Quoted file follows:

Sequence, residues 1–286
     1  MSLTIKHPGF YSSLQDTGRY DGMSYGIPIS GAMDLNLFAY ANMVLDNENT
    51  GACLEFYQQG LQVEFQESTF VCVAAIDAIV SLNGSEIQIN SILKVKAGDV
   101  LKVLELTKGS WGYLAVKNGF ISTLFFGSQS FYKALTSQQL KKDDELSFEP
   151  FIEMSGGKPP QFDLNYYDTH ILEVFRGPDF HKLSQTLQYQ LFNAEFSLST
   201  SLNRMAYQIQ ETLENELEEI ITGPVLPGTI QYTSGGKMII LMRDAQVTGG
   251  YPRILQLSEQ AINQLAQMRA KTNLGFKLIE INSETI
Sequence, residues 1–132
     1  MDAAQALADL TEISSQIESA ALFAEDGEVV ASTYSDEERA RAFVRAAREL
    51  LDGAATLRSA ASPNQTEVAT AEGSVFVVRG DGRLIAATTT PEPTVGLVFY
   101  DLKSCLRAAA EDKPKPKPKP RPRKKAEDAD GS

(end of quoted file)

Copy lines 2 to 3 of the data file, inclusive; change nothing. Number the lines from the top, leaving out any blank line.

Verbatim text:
     1  MSLTIKHPGF YSSLQDTGRY DGMSYGIPIS GAMDLNLFAY ANMVLDNENT
    51  GACLEFYQQG LQVEFQESTF VCVAAIDAIV SLNGSEIQIN SILKVKAGDV